Five-Week Modified Moving Average (MMA) is one of two indicators that define whether or not a weekly chart profile is positive, neutral or negative. The other is the status of the 12x3x3 weekly slow stochastic.
A stock with a positive technical rating is above its five-week MMA with rising or overbought stochastics.
A stock with a negative technical rating is below its five-week MMA with declining or oversold stochastics.
A stock with a neutral technical rating has a profile that is not positive or negative.
The 200-Week Simple Moving Average (SMA) is considered a long-term technical support or resistance and as a "reversion to the mean" over a rolling three to five year horizon.
The 21-Day Simple Moving Average is a short-term technical support or resistance used by many hedge fund traders to adjust positions. A stock above its 21-day SMA will likely move higher over a rolling three to five day horizon and vice versa.
The 50-Day Simple Moving Average is also a technical support or resistance used by many strategists and commentators in financial TV.
The 200-Day Simple Moving Average is another technical support or resistance and I consider this level as a shorter-term "reversion to the mean" over a rolling six- to 12-month horizon.
Crunching the Numbers with Richard Suttmeier: Earnings & Where to Buy & Where to Sell
This table presents the levels at which to buy on weakness and where to sell on strength.
EPS Date is the day the company reports their quarterly results.
EPS Estimate is the earnings per share estimate from Wall Street analysts.
Value Levels, Pivots and Risky Levels are calculated based upon the last nine weekly closes (W), nine monthly closes (M), nine quarterly closes (Q), nine semiannual closes (S) and nine annual closes (A). I have one column for pivots, which is a magnet for the period shown. The columns to the left of the pivots are first and second value levels. The columns to the right of the pivots are first and second risky levels.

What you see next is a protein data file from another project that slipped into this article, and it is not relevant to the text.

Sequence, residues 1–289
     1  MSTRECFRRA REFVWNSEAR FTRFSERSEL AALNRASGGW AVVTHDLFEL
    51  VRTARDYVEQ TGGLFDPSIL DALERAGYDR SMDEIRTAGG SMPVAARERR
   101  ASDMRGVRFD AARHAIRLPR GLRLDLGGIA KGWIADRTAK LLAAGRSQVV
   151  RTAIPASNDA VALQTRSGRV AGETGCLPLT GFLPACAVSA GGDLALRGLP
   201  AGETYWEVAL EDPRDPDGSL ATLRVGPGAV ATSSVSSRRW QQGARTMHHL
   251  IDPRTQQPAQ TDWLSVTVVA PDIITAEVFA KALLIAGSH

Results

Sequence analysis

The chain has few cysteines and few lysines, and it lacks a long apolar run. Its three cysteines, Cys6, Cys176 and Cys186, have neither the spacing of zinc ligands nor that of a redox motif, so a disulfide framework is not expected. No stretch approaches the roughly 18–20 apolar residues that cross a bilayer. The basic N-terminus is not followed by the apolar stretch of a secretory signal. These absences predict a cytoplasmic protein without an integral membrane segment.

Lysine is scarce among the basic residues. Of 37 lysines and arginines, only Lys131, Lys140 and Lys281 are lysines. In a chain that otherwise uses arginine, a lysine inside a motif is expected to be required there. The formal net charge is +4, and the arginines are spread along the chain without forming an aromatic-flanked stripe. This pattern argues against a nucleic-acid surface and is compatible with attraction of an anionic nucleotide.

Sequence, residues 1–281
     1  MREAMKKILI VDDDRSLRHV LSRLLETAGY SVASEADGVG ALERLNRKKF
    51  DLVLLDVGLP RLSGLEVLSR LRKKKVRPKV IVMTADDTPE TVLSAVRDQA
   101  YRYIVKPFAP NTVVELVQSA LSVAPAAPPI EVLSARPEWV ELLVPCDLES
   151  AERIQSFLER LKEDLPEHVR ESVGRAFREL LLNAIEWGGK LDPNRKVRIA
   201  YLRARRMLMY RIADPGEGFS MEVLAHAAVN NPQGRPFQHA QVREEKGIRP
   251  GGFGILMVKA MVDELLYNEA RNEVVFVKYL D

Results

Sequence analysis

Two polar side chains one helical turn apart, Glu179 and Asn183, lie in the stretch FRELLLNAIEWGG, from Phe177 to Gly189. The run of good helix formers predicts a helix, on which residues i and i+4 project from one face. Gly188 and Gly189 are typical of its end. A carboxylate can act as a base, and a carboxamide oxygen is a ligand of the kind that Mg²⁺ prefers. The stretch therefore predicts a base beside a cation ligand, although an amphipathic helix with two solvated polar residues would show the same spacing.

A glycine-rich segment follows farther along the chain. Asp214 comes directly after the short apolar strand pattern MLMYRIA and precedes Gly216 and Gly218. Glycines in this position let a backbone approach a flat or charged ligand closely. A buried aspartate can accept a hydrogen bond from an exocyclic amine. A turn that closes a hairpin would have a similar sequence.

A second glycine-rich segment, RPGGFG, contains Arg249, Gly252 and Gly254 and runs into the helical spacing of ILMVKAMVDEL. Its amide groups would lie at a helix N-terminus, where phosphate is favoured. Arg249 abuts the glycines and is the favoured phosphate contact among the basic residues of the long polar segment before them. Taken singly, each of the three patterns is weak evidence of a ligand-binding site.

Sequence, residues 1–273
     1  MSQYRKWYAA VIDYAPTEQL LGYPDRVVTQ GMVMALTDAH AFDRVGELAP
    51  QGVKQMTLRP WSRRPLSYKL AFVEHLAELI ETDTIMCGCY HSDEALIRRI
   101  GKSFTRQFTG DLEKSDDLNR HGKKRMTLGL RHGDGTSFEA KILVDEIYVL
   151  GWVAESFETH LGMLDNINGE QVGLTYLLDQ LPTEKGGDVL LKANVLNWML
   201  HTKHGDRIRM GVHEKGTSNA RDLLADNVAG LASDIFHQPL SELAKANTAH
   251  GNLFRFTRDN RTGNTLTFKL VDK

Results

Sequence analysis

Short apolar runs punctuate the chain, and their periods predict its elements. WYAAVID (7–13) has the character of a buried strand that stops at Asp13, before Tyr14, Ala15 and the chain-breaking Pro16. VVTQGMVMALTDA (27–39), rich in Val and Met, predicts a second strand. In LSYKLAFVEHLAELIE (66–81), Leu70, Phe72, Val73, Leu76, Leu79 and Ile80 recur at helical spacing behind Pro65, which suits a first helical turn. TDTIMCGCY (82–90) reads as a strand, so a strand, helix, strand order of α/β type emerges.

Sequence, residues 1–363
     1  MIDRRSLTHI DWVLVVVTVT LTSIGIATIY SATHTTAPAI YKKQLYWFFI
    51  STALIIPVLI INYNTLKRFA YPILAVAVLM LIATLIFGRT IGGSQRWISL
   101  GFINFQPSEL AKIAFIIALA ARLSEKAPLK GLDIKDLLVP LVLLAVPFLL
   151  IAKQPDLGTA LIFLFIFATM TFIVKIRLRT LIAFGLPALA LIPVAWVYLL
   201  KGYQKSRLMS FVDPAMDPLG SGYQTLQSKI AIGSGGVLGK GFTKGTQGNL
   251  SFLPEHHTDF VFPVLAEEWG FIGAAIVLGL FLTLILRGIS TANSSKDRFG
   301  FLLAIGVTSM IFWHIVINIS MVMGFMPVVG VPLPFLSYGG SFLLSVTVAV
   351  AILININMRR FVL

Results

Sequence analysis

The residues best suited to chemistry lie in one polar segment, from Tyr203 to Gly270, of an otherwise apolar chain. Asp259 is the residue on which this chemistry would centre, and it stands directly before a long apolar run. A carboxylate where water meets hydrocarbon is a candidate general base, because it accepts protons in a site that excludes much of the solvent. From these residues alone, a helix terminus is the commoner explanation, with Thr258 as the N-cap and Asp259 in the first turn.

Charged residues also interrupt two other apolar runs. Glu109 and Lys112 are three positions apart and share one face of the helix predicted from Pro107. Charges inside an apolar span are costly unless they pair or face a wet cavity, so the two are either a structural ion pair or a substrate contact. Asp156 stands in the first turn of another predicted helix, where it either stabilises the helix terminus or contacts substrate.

Investors who wish to buy a stock should use a good-until-canceled GTC limit order to buy weakness to a value level. Investors who want to sell a stock should use a GTC limit order to sell strength to a risky level.
>>Read More: 3 Big-Volume Stocks in Breakout Territory
At the time of publication, the author held no positions in any of the stocks mentioned.
This article represents the opinion of a contributor and not necessarily that of TheStreet or its editorial staff
Richard Suttmeier is the chief market strategist at
ValuEngine.com. He has been a professional in the U.S. Capital Markets since 1972, transferring his engineering skills to the trading and investment world.
Suttmeier has an engineering degree from Georgia Tech and a Master of Science degree from Brooklyn Poly. He began his career in the financial services industry in 1972 trading U.S. Treasury securities in the primary dealer community. He became the first long bond trader for Bache in 1978, and formed the Government Bond Department at LF Rothschild in 1981, helping establish that firm as a primary dealer in 1986. This experience gives him the insights to be an expert on monetary policy, which he features in his newsletters, and market commentary.
Suttmeier's industry licenses include, Series 7 and Registered Principal (Series 24). He has been the Chief Market Strategist for ValuEngine.com since 2008 and often appears on financial TV.
Click here for details on Suttmeier's "Buy and Trade" investment strategy.
Richard Suttmeier can be reached at RSuttmeier@Gmail.com